The assembly is strengthened by immobilization means 13, which may work by applying pressure, and which is found on the free extremity of each connector 12. The immobilization means may be of the type shown, that is, it may be a transverse protuberance 15, cooperating with a complementary receptor shape 16, which is located opposite it on adjacent piece 5 or 6 on the back surface 17. The shape of protuberance 15 can range from a faceted shape 18 to a snap slightly flattened at one end (not shown).
Connector 12 can be doubled to strengthen its hold, as seen in double connector 19 shown in FIG. 3. It has the same basic elements.
A first preferred embodiment is described below with particular reference to FIGS. 4 and 5, which show a cylinder 20 with a hollow interior, previously broken down into puzzle elements 21, 22, 23, forming the simple geometric shapes of the top, the lateral surface, and the bottom of the cylinder, respectively, and preferably consisting of a succession of straight segments 1 or mixed segments 3, with an alternating pattern of segments with straight and curved portions.
Pieces 21 through 23 are interconnected using the basic assembly elements shown in FIGS. 1 through 3, described above.
Obviously, the elements constituting hollow cylinder 20 could have contours formed simply of straight segments 1 or of curved segments 2 as shown in FIGS. 6 and 7.
As shown, each puzzle element has at least one connector 12 on the same side, in the form of a lateral extension on each edge.
Each connecting tab 12 has an immobilizing protruding element 15, which is preferably transverse and may be shaped like a snap, a pellet, a faceted block 18, or whatever other shape can be pressed or snapped into complementary shape 16, which may be a receptor opening formed in the immediately adjacent puzzle piece.
In the basic exemplary embodiment shown as in FIG. 1, the immobilizing protruding element on the connector is a faceted block 18, which cooperates with a receptor opening 16 of complementary shape on the back surface 17 of the adjacent puzzle element.
Obviously, the shapes of immobilizing connecting tabs 15 and complementary receptors 16 can be reversed.
An essential advantage of the invention is that the complementary immobilizing elements 15 and the receptor elements 16 are shaped so that after one connector 12 of a puzzle piece has been placed on the back surface 17 of an adjacent piece, and after corresponding complementary shapes 15 and 16 are snapped or pressed into place, the straight or curved opposing surfaces of the two puzzle pieces to be assembled are overlapped, maintaining them firmly in place and forming a tightly constructed assembled object.
To facilitate overlapping between the pieces, connector 12 may be recessed, to conform with the corresponding flat shape of edges 1, 2, or 3 of a puzzle piece and the connecting base of connector 12 on said piece, overlapping shoulder 14.
Overlapping shoulder 14 can be located anywhere on corresponding edges 1, 2, or 3 of the puzzle piece, and preferably along the entire length thereof.
According to the basic embodiment shown in FIGS. 1, 2, and 3, either a single or double connector, 12 and 19, respectively, is provided on at least one extremity of each straight segment 1 or near at least one extremity of each curved segment of the puzzle pieces.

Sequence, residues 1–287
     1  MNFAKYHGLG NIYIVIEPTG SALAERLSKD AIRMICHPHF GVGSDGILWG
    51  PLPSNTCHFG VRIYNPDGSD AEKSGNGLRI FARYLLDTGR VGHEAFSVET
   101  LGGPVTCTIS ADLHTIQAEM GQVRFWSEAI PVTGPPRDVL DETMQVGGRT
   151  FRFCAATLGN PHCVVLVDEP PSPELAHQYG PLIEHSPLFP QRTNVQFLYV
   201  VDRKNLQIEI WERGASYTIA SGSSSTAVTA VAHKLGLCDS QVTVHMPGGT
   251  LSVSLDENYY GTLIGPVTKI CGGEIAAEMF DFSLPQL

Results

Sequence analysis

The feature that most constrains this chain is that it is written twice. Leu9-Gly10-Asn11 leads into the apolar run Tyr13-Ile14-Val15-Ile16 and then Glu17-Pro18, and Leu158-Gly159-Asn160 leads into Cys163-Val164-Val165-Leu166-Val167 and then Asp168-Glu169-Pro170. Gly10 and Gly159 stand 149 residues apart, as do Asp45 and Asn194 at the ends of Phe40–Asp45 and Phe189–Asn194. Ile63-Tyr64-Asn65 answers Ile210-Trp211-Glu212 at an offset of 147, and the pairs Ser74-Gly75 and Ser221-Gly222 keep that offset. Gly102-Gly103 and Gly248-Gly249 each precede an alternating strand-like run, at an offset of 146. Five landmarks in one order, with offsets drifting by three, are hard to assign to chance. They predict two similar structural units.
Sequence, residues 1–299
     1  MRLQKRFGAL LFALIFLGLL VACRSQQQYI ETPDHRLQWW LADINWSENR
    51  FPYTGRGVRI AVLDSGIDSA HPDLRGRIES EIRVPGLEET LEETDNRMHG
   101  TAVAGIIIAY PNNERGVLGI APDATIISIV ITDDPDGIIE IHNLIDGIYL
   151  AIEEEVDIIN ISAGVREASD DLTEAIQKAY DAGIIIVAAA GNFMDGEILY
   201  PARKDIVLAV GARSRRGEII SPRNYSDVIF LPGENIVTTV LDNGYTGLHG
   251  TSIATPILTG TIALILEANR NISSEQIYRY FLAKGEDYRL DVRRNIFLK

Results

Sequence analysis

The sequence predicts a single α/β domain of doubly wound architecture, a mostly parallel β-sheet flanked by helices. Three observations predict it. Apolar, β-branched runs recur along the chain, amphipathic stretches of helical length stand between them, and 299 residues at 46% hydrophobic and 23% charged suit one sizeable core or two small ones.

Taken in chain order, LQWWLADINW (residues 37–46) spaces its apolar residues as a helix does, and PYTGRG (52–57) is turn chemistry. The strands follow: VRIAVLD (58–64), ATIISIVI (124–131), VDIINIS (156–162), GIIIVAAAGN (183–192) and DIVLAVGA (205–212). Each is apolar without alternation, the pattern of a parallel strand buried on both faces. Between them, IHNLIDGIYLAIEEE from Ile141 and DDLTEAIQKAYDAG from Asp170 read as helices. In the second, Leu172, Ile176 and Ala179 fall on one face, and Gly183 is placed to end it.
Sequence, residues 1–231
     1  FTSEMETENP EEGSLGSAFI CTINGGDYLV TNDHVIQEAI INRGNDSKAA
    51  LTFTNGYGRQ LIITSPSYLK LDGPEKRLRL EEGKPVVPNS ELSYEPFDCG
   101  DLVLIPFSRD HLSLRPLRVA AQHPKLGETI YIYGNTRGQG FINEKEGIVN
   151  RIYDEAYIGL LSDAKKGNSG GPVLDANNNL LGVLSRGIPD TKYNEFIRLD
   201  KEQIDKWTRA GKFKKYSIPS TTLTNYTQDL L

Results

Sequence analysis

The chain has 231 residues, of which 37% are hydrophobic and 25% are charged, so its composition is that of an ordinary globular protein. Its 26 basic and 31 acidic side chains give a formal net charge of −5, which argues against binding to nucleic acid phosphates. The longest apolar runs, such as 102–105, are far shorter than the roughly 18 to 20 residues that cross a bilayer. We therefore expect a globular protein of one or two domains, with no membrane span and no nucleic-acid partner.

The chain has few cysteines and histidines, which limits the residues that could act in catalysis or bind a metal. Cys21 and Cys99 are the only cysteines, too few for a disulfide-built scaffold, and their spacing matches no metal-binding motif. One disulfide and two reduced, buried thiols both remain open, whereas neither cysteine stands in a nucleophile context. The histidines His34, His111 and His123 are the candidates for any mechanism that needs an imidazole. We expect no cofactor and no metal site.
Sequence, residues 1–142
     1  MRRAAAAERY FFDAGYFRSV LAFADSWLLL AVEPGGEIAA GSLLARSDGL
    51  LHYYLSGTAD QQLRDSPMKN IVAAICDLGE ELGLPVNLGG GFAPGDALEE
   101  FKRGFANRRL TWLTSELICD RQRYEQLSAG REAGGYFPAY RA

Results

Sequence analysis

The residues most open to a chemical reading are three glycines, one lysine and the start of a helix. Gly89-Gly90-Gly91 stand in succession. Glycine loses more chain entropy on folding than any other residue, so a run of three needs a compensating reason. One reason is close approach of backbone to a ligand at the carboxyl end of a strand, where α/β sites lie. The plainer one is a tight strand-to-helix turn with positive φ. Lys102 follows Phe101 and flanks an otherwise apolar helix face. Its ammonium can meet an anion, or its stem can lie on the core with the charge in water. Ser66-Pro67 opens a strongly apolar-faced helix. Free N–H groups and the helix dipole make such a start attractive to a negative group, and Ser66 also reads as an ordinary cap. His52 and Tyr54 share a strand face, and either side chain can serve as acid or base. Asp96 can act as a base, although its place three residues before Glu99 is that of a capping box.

This configuration is advantageous because it improves the extent to which the puzzle pieces support each other and fit together, thus keeping them in place.
According to an improved embodiment of the puzzle, with reference to FIG. 2, puzzle pieces 6, 7, and 8 have extensions 24 and 25 which may be perpendicular to the exterior surface panels 26, 27 of these pieces.
There are connectors 12 in both the lateral extensions of elements 24, 25 and of the exterior surface panels 26, 27 of the puzzle pieces, located either on some portion of the edges of the pieces or at each extremity.
Such adjacent puzzle pieces are connected in two distinct planes, one of which is the perpendicular plane, preventing any relative movement between the pieces. This ensures cohesiveness between the elements comprising the assembled object.
To better illustrate the scope of the present invention, FIGS. 8 through 17 show several constructed objects, namely, a hollow cylinder 28 (FIG. 8), a box 29 (FIG. 9), a bottle 30 (FIG. 10), a pot 31 (FIG. 11), a carton 32 (FIG. 12), a container 33 (FIG. 13), a book 34 (FIG. 14), a food item 35 (FIG. 15), a car 36 (FIG. 16, and an animal 37 (FIG. 17).
These are hollow objects with a plastic covering or shell. The shell is broken down into several elementary pieces which are assembled using the cooperating overlapping shoulders/edges, the connectors, and the immobilization structures described above to reconstruct the original shape.
Naturally, when the object is divided up into individual elements, simple geometric shapes are selected. Thus, complex three-dimensional shapes will be formed of one piece whenever possible or, at best, split up into simple geometric shapes.
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|U.S. Classification||273/156, 446/116|
|International Classification||A63F9/12, A63H33/06, A63H33/08|
|Cooperative Classification||A63F2009/124, A63F9/1208, A63H33/062, A63H33/08|
|European Classification||A63H33/08, A63F9/12, A63H33/06C|
|Aug 15, 1996||AS||Assignment|
Owner name: LAMAT, OLIVIER, FRANCE
Free format text: ASSIGNMENT OF ASSIGNORS INTEREST;ASSIGNOR:HUBER, CHRISTIAN;REEL/FRAME:008088/0391
Effective date: 19960617
|May 7, 2002||REMI||Maintenance fee reminder mailed|
|Oct 21, 2002||LAPS||Lapse for failure to pay maintenance fees|
|Dec 17, 2002||FP||Expired due to failure to pay maintenance fee|
Effective date: 20021020